• Public education. Example: Encourage residents to sign up for CodeRed to reduce potential injuries from severe weather events through preventative notification.

The first steps to implementing a fresh Hazard Mitigation Plan can be daunting, but the HMC already has their tools in place to succeed. The HMC should meet about four times per year to complete a rolling list of annual tasks to update and implement the most important Plan sections:

  1. Document new hazard events that occurred in your community to continue the history of impacts.
  2. Coordinate annual completion of active priority mitigation projects (Short Term 1-2 Year and Ongoing actions) by assigning to the responsible department or board.
  3. Ensure the department/board seeks funding for mitigation projects or provides staffing support to complete the priority actions.
  4. Evaluate the effectiveness of the Plan each year and hold onto the notes. This FEMA suggestion can help the HMC determine what needs to be improved in the five-year update.
  5. Obtain a verbal account or written progress report on the status of each priority mitigation project and document the results.
  6. Work on certain Plan sections: update the Mitigation Action Plan, reprioritize actions, and review impactful hazards for the current year. Be sure to retain the revised digital Plan revision files for the following year(s) and the next five-year Plan update.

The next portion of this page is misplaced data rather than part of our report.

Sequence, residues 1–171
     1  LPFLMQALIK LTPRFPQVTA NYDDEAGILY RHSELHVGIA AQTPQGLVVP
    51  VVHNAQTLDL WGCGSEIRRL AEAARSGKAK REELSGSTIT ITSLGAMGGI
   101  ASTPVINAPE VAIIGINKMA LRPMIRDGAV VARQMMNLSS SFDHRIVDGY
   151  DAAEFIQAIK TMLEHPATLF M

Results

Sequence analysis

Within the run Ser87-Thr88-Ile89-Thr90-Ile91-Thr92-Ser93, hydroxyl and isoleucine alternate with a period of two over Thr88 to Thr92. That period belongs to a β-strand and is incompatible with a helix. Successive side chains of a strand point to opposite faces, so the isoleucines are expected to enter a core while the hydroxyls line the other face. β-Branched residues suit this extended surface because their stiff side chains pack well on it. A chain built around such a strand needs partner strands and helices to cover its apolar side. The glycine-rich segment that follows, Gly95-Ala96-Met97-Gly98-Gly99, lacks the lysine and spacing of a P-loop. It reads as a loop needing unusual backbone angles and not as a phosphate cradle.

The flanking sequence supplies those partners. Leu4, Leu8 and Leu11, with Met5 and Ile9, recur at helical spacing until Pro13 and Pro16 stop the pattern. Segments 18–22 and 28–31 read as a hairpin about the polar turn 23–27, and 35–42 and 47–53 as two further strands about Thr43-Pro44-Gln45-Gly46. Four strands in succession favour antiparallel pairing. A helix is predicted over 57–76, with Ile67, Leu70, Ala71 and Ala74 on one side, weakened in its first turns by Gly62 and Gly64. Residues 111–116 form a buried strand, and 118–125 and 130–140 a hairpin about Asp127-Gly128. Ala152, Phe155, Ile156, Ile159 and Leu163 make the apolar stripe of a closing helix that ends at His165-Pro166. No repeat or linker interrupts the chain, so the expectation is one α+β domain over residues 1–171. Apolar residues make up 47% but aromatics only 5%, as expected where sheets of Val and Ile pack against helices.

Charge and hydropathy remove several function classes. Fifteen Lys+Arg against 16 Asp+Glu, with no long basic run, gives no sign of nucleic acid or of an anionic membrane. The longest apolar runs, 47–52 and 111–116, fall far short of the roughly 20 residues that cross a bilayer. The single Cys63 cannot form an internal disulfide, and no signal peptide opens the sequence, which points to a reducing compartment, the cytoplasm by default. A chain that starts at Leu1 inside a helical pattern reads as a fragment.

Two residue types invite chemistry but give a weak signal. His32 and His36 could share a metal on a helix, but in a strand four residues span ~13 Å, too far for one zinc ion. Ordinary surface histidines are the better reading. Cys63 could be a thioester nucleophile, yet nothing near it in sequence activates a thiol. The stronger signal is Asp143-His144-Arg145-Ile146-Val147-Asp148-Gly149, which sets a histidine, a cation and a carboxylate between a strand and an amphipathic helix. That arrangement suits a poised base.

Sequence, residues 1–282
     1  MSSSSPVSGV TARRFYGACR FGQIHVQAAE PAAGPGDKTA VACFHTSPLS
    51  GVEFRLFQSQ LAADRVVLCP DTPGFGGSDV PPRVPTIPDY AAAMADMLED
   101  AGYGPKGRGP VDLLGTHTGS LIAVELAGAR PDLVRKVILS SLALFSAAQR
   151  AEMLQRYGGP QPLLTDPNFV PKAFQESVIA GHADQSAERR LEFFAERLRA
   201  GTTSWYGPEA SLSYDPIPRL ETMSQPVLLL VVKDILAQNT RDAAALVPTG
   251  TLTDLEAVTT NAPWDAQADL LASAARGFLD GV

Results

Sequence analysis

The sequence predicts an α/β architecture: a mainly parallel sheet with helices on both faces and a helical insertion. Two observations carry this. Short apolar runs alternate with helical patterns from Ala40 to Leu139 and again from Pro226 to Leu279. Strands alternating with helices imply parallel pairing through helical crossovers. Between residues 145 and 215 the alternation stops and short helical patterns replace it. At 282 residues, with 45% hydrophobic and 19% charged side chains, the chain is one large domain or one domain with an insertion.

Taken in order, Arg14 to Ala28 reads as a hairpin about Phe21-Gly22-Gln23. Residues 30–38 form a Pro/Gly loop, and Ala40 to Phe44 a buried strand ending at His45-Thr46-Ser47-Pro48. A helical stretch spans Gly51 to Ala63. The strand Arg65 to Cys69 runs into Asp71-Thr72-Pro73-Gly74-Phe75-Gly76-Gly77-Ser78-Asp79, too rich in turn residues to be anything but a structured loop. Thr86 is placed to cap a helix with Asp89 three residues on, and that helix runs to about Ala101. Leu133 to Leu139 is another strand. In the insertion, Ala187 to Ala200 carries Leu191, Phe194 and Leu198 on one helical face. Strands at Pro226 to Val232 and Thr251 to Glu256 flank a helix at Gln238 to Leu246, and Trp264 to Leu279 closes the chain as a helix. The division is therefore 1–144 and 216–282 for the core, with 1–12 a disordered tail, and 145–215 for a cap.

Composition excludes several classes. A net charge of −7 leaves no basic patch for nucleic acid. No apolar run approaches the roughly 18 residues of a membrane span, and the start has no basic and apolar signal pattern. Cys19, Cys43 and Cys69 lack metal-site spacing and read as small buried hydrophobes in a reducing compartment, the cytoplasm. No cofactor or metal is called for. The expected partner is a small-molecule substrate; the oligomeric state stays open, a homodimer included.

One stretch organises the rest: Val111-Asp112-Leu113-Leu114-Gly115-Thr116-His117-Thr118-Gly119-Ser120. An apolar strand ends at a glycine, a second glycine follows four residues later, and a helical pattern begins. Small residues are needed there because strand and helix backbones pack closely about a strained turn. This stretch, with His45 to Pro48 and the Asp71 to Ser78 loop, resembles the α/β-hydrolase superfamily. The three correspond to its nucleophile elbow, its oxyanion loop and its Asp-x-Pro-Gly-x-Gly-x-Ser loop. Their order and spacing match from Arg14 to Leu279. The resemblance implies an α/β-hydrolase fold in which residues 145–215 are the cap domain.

7. Repeat!

Don’t hesitate to reach out to your local regional planning commission to ask about implementing your municipal Hazard Mitigation Plan. After all, they likely assisted your community with its development. Contact information for all RPCs can be found at https://www.nharpc.org. Currently, eligible communities are beginning to update their Plans through the Building Resilient Infrastructure and Communities (BRIC) 2020 grant.

Stephanie Alexander is Senior Planner with the Central NH Regional Planning Commission (CNHRPC).  She can be reached by phone at 603.226.6020 or via email at salexander@cnhrpc.org.